Wedding Budget – The Breakdown

Being on a budget of any kind is tough. Don’t let anyone fool you – EVERYONE is on a budget and whether it is smaller or larger in dollar value, there is an amount that everyone must stay within. The budget for your wedding is no different, it is just a little trickier.

Decide on the total dollar value you are able to spend on your wedding, and divide the finances as follows, using your preferred wedding budget template. Using a template or specific program is a must – and there are dozens available on the internet!

Remember that taxes and tips are included in the total amount:

40 Percent – Estimate to spend 40 percent of a budget on the reception venue. This includes food, beverages, staffing, taxes and tip. 

10 Percent – Ambiance. Flowers, lighting, decorations will add up quickly.

10 Percent – Music for reception; band, DJ or both.

10 Percent – Photography for the entire event. If you plan a photobooth, include it in this category.

10 Percent – Attire. Brides entire ensemble (headpiece, veil accessories, shoes), groom’s entire ensemble – head to toe.

3 Percent – Favors and gifts for guests, including all attendants’ gifts.

3 Percent – Ceremony. This includes marriage license, ceremony flowers, officiant fee,  musicians (different from reception music). This is it’s own category!

3 Percent – Invitations, save-the-date cards, table markers, guest book, place cards, gift card holder, pen that guests will use to sign the guest book, programs… are all included in this category.

3 Percent – Sweets. Cake, sweet table, individual cakes or desserts.

1 Percent – Transportation costs, bus, limousine, however you plan to get your party from point A to point B (here’s to find out more).

The last 7 percent is for ICE. No, not frozen water… In Case of Emergency. Use this money if something suddenly happens and the cost of one of your categories increases. You fell in love with  gown slightly out of your price range, there is an unexpected surcharge or corkage fee or cutting fee. Having an emergency fund  will save you a lot of aggravation.

It is important to remember that every couple’s budget may vary depending on their vendor preferences and that each couple may have different priorities when it comes to their wedding. You can set yours accordingly, borrowing a percent from one category to make up in an other.

However, there is only 100% so, make sure your figures add up!!!

-Penny Frulla for Bridal Expo Chicago

How to Spend your Wedding Budget article photo



Wedding Expenses – Who Pays For What?

Many years ago it was completely understood that the bride’s family paid for the wedding. The groom’s family paid for the rehearsal dinner and the honeymoon and everything else was up to the parents of the bride. Of course times change. Today’s couples are not only slightly older but, have usually lived alone or out of their parents home for an extended period of time. Nowadays, aside from how much you are going to spend on your wedding, the next biggest concern regarding your budget is who pays for what.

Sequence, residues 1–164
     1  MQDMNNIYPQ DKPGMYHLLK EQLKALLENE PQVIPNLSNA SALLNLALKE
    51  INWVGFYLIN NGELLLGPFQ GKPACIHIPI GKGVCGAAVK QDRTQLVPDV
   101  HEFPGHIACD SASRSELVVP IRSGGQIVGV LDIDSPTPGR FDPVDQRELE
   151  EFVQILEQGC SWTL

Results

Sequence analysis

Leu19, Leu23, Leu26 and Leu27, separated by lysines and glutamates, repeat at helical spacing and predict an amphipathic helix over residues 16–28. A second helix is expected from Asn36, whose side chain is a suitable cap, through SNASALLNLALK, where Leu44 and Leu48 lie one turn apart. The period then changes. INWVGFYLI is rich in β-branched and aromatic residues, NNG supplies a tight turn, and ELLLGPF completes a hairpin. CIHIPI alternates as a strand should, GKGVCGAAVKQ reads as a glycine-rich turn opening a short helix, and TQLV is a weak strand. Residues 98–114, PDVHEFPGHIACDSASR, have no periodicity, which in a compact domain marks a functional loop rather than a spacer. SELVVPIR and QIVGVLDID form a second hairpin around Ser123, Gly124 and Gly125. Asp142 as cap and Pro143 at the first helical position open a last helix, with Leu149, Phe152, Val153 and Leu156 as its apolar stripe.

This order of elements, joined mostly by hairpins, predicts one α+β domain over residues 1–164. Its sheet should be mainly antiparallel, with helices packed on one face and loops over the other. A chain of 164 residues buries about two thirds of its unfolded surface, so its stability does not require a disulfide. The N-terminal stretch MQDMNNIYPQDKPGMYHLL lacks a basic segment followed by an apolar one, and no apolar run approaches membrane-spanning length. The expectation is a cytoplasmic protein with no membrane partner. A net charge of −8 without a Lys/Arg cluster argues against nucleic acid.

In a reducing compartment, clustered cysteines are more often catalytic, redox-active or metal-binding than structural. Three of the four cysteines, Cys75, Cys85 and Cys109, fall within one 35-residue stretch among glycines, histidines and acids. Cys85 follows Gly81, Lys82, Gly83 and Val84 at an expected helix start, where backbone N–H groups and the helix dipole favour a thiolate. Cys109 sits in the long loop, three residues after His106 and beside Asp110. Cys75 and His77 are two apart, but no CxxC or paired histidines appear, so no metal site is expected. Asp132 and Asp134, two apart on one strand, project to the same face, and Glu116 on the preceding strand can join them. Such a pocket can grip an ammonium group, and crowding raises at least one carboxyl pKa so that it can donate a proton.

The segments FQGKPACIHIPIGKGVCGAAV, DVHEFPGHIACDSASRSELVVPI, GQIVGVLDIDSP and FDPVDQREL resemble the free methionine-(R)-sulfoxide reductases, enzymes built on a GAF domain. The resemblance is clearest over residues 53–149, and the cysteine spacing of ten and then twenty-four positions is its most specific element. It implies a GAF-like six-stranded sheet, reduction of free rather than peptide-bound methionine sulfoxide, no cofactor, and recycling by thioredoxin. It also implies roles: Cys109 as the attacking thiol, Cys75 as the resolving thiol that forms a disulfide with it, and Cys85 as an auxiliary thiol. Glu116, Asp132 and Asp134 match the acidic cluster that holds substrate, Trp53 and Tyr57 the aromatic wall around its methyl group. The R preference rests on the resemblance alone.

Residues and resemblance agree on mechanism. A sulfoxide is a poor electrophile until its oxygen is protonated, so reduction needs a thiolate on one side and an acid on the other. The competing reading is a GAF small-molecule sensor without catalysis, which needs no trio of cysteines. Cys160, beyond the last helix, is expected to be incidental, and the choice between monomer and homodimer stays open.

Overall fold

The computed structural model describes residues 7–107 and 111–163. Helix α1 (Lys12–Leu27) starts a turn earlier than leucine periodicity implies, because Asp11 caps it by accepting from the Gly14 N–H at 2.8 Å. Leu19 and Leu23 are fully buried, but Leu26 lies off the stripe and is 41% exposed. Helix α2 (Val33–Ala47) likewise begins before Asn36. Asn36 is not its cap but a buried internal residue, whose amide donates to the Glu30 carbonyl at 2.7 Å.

Before you start making the guest list, have an open honest conversation with all parents at the same time. Ask how much they are able or willing to contribute and then you can move on to figuring out how much you are able or willing to spend, keeping in mind that the average U.S. wedding cost hovers around $30,000.  Having an honest conversation will determine everything from where you have the wedding to what you will wear and avoid any unpleasantness related to the cost of the wedding.

In most cases, everybody has already had the discussion about finances leading up to the moment when the engagement ring arrives and they know full well how much they are going to contribute. In rare cases, nobody has any clue about their responsibilities. In order to avoid stepping on anyone’s toes, here is a slightly modified traditional checklist of ‘who pays for what’ and remember these are NOT rules, just guidelines.

Bride & Family:

  • Invitations, announcements, programs, Thank You notes, place cards, guest book and accessories.
  • Church or synagogue, musicians, organist,
  • Bridal Gown, veil, shoes, accessories and trousseau.
  • Flower arrangements for Church, Reception, Bridesmaid Bouquets and Huppah ( for Jewish ceremonies)
  • All professional services, including food, drink, decorations, and music.
  • Engagement Party and all related expenses.
  • All Photography and video.
  • Groom’s ring.
  • Wedding transportation to and from ceremony and reception.

Groom & Family:

  • Marriage License and officiant fees.
  • Groom’s outfit
  • Bride’s bouquet and going-away corsage, boutonnieres for men, and corsages for mothers and grandmothers.
  • Complete honeymoon.
  • Rehearsal dinner.
  • Bride’s ring.

Of course this is merely a guideline and anyone who is willing to help is encouraged to do so. The absolute best scenarios are when everyone works together and shares the expenses equally.

-Penny Frulla for Bridal Expo Chicago